It is not about rushing, it is not about making ultimatums for petty reasons. It is about knowing what you want in life and moving toward those goals in a reasonable amount time. Why spend year after year being a Girlfriend when you want to be a wife and the other person wants you to be their wife? Just for the hell of it? Just for the sake of waiting? That doesn’t work for a lot of people.
You said yourself that marriage is MASSIVE commitment. Well, when a commitment is important to you, you don’t take all the time in the world to make it. You take the logical amount of time for you and then go forward. For many couples, waiting to marry long after the mutual realization that they are right for each other is a waste of time and completely illogical.
Post # 9
@Rhopalocera: I understand completely your points and agree with most of them.
Where I’m coming from is more of a place of wondering why we make allowances for couples who do it faster by saying they’re on their owntimeline but we somehow seem to look down on couples taking longer. As you said it’s all based on what people think is a reasonable amount of time and who are any of us to say what that is for other people?
I guess I just feel that there’s too much celebration for people who “know” and take that leap faster and not enough credit given to couples who also “know” and chose to spend more years building on that before they take the next step.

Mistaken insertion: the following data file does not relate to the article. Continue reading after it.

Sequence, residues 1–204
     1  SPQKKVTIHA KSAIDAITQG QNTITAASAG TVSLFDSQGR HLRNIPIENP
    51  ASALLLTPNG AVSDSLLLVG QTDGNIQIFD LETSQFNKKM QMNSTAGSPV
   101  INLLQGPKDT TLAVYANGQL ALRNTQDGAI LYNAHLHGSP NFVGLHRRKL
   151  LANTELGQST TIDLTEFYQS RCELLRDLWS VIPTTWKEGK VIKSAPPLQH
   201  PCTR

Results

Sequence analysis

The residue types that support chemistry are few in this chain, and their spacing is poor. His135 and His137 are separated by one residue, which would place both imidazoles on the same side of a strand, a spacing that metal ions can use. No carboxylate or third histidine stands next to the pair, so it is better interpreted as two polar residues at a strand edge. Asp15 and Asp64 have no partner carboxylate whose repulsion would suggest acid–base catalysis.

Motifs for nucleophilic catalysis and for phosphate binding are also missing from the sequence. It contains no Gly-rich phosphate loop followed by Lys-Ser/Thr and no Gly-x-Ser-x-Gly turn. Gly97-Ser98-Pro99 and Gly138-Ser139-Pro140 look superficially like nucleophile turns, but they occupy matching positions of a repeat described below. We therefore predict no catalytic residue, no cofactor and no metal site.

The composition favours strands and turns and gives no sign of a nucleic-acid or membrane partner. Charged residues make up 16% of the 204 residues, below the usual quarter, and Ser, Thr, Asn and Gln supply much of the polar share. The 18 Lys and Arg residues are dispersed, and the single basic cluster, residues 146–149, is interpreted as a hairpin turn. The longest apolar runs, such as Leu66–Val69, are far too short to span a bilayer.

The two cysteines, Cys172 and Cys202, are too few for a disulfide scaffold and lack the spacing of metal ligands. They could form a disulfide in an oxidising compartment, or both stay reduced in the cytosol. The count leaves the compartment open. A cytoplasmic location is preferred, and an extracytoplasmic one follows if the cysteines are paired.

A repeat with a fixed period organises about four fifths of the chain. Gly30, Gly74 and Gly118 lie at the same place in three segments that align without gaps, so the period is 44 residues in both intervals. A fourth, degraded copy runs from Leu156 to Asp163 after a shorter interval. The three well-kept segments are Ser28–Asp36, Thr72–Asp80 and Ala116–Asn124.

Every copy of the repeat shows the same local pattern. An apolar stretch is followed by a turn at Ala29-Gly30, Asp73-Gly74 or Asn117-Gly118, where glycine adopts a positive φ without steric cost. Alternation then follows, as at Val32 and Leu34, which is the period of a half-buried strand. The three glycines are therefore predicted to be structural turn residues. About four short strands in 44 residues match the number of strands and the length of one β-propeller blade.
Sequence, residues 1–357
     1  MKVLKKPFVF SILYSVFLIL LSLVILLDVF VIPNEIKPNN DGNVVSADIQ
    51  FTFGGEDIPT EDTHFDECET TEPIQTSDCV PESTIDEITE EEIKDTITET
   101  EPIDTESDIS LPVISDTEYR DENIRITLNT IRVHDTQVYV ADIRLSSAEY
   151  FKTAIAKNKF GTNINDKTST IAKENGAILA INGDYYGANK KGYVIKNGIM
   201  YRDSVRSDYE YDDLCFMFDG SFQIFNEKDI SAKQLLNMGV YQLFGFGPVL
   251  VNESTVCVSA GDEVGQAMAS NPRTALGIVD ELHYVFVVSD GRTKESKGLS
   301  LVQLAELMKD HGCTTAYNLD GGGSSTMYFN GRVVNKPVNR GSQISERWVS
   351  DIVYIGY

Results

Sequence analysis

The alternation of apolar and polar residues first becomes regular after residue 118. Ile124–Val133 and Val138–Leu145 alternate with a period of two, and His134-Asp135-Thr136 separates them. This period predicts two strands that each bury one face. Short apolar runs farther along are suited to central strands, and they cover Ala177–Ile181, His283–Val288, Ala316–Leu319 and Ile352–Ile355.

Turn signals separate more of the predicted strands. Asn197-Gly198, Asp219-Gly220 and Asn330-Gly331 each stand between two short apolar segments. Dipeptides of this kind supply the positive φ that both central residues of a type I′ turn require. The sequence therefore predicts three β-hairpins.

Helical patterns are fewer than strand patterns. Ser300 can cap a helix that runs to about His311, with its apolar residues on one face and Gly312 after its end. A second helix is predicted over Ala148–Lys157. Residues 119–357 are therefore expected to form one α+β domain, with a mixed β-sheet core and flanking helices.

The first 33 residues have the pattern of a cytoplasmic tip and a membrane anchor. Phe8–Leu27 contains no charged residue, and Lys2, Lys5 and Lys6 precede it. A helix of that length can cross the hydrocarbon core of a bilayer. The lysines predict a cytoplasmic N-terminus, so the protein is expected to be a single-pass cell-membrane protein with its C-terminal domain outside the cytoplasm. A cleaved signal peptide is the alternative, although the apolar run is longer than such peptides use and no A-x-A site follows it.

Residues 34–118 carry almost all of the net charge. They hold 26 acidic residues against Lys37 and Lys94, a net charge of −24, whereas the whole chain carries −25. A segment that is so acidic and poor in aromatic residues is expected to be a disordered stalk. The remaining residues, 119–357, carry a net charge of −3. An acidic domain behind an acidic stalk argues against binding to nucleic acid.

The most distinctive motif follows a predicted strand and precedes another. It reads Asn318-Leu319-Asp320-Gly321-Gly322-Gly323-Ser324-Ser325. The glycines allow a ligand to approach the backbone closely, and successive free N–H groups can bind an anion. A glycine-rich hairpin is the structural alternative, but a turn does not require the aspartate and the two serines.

But I suppose that’s the difference either way you do it, it has to be acceptable to both people and not someone dragging their heels!
Post # 10
@Brownbear23: Of course no one can say what the right amount of time for a couple is, you’re right, but here is a look into why people think this way.
Firstly, couples who truly get married quickly get a lot of crap — a lot. They are not usually welcomed into married life without doubts and disapproval being voiced by friends and family.
The “normal” amount of time from GF/BF to fiancees or spouses, one to four years, is considered normal because it is plenty of time to learn about someone and decide if they are right for you, unless they are hiding something, of course. It is also a good amount of time for deciding roles and coming up with the initial way of how things will be handled. It’s a good amount of time for families to get comfortable with the potential in-law, and to see how the couple may work together without so much time being taken that they worry about whether important life events will be missed.
Nearly a decade of waiting or longer of being in a relationship where marriage is a goal is criticized for many reasons. One of the biggest reasons is one that you mentioned: building up and working on the relationship before the marriage. What can happen when people do this is that they end up arranging things in a way that is not going to work. Marriage often changes how people deal with and think about each other and issues like finances, and when they take a long time to get married, they can get used to an arrangement that won’t last long at all. They worked on the wrong kind of relationship. That doesn’t happen for every couple, but it happens enough for it to be considered a problem.
There is also just plain old tradition and the “Sh*t or get off the pot” sentiment.
I hope that sheds some light on the issue.